Little Britain (The state of mind not the ghastly television programme).

Discussion in 'The Intelligence Cell' started by Mr_Tigger, Oct 7, 2010.

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  1. At cultural diplomatic events and alike I increasingly have to explain to often astonished and dismayed dignitaries that many of the most politically vocal elements in British, middle class society wish us to withdraw from frontline internationalism. This I tell them is legitimised as the natural progression of a nation in decline from Empire.

    From political circles one often hears the term ‘punching above our weight’ to describe the nature of the UK’s ability or desire to influence abroad. In my experience this is both preposterous and utterly unexpected and confusing for the vast majority of foreigners with whom I speak.

    My experience is in E. Europe, and C. Asia. Most people with whom I have spoken regard us as one of the world's most powerful, wealthy and civilised nations. No a superpower but a first team player and often the most effective in the pack. We are the best regarded and best candidate to emulate. Be under no illusion, many of these often rather young nations are looking to the UK for leadership in the world and are aghast to hear of the increasing ‘Little Britain’ mentality given voice by among others the BBC.

    My question to ARRSErs is to what does this mentality owe? Is it a symptom of cultural exhaustion? Is it the result of post-colonial guilt or cultural relativism and to what extent is there a generational aspect? Are the pampered and cosseted children of the 1950/60/70s, shielded from the realities of life by centralised government and the welfare state selfishly trying to absolve the UK from responsibility for emancipatory international progress even though we might be the best placed to facilitate it?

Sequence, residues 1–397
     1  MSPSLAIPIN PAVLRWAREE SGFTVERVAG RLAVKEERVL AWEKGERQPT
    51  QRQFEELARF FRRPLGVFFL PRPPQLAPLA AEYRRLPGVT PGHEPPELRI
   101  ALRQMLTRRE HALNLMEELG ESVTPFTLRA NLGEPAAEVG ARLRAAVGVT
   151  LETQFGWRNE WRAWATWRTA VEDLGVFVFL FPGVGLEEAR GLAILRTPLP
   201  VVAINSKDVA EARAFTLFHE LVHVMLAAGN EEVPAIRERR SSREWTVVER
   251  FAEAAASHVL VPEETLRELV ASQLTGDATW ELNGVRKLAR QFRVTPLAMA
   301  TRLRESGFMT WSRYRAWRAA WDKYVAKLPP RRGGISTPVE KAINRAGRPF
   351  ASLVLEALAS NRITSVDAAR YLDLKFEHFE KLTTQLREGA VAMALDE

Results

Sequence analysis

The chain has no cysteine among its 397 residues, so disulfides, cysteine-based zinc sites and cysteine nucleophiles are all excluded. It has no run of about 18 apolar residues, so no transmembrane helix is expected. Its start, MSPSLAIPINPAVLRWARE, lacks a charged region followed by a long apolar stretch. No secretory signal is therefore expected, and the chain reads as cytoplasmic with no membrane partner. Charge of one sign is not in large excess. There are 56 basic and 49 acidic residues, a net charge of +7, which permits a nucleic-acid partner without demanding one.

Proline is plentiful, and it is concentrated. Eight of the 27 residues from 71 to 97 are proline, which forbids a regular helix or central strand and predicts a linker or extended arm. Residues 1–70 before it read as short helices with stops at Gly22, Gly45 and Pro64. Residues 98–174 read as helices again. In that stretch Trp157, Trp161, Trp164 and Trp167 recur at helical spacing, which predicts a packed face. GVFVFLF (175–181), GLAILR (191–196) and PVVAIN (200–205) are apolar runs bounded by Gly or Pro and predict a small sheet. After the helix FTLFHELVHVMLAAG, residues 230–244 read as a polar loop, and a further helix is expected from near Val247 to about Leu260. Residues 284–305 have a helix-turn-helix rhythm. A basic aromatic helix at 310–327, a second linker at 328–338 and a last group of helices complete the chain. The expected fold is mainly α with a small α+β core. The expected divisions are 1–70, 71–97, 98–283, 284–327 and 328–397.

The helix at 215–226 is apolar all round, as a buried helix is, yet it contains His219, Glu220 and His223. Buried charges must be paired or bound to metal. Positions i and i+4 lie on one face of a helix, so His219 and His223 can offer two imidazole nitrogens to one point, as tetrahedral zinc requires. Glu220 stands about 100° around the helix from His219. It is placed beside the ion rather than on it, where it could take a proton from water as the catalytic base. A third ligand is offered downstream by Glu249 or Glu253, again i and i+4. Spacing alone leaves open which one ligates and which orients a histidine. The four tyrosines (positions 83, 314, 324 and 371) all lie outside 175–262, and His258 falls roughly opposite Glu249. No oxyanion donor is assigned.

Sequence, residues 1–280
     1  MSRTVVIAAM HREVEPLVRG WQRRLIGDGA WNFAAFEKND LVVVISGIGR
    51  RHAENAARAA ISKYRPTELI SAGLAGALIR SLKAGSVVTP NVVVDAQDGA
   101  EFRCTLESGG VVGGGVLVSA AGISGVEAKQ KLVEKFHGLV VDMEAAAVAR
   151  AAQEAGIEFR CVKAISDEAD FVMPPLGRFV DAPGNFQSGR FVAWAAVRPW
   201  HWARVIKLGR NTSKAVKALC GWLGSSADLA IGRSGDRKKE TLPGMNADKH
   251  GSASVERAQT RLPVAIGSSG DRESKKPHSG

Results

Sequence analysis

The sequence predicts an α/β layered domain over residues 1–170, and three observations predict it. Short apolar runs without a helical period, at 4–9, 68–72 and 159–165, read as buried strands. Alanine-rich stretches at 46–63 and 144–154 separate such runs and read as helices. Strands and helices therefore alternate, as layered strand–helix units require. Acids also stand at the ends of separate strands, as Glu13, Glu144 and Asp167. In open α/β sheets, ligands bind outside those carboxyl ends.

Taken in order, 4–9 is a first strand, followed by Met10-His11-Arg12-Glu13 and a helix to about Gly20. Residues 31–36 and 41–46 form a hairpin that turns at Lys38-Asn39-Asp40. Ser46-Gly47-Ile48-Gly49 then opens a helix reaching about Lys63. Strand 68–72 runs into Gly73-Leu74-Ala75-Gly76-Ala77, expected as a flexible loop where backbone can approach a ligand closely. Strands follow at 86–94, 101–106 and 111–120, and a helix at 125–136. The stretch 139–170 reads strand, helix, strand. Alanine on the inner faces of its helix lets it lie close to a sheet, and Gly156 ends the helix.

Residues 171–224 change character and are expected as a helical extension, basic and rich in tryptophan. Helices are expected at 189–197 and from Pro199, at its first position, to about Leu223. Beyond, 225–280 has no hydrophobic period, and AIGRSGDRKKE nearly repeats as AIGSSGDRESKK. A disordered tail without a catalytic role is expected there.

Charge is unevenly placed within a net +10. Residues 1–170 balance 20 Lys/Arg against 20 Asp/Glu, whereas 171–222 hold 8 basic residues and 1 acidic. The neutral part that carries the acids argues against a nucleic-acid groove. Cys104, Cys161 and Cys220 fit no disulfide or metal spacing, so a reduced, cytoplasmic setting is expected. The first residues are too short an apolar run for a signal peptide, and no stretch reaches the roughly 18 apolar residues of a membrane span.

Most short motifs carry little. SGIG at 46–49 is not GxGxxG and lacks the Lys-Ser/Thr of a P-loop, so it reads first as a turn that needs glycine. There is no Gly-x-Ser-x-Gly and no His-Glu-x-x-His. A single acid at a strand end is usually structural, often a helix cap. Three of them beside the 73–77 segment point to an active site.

2. It's democracy, innit? The national character has always been rather insular and 'island ape-ish', except in previous times nobody who mattered gave a **** what the common man thought so the common man could happily go about lynching monkeys and muttering suspiciously at anything from more than 3 miles away without impeding the progress of the nation.

    Unfortunately, nowadays he gets to set national policy through the process of General Elections. Well done, him.
     
  3. Ahh but back then at least one could always rely upon a healthy dose of xenophobia in justification for British geostrategic primacy.
     
  4. Do these conversations ever interfere with your serving the drinks?
     
  5. All the time! Bloody foreigner don’t tip well either.